Wednesday, October 26, 2011

Steve Jobs

As probably anyone who lives on the Earth's surface knows, Steve Jobs died earlier this month. (I don't need a link for that, do I?) I don't know much about Steve Jobs, but I do love the Mac. When I am using a Mac, I feel as if I am driving a car. And when I am using a computer running Windows, I feel as if I am driving a vehicle made up of most of the major components of a car salvaged from a junkyard and bolted together into something approximating a car. (This does raise the question of whether the Mac's advantages are primarily functional or simply psychological.)

Despite all this, if I had to choose between investing in Apple or Microsoft, I would have to pick Microsoft. In order to make money, Apple has to produce a constant stream of innovative products that transform the market. But this can't last forever. Either Apple will run out of ideas, or the public will stop caring. One day the average consumer will decide that he already has an iPhone, an iPod, and an iPad, and doesn't need an iPipe, an iPump, or a drink of iPop. (Steve Jobs is presumably also responsible for the trend of putting the letter "i" in front of words, a trend which has now gotten dangerously out of control, or rather, iControl.) In contrast, Microsoft makes products that are not innovative, and in fact generally considered barely adequate–but it makes money on them. To make another silly comparison, Apple is a four-star gourmet restaurant (or three stars, or five stars, or whatever the maximum starrage is), and Microsoft is McDonald's. In twenty years, the four-star gourmet restaurant will have lost its luster and gone out of business, and McDonald's will still be McDonald's.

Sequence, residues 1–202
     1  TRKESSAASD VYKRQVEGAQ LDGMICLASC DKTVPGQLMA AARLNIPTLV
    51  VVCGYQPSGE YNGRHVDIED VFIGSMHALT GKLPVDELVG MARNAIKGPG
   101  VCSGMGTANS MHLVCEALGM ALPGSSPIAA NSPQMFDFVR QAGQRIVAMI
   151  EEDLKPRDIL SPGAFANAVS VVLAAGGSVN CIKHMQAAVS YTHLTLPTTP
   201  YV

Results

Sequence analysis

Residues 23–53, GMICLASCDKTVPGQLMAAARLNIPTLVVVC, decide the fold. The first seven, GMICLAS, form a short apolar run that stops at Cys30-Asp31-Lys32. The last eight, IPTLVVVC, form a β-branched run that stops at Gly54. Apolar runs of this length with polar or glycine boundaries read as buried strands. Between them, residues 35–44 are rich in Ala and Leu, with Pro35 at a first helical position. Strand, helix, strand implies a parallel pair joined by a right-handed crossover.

Thursday, October 13, 2011

The Past and the Future and Going Back and Movies

I can't help noticing that a new version of the Eighties movie Footloose is coming out this week. I'm not too interested, because, as far as I can remember, the original Footloose was pretty lametastic. But I am pleasantly reminded of the promise from producers Bob Gale and Bob Zemeckis that there will never be a re-make of a truly great Eighties film, Back to the Future.

Back to the Future is a movie that could have only been made in the Eighties, because it wouldn't have worked without the upbeat optimism of that decade.

If Back to the Future had been made in the Nineties, Marty McFly wouldn't have traveled back to the Fifties. Instead, he would have hung out with his slacker friends, gotten stoned, and talked about traveling back to the Fifties.

And if Back to the Future were to be made today, Marty McFly also wouldn't travel back to the Fifties. Instead, he would stand on the roof of the gull-winged DeLorean with Doc Brown singing duets of Lady Gaga songs while the other characters perform choreographed dance moves in the background.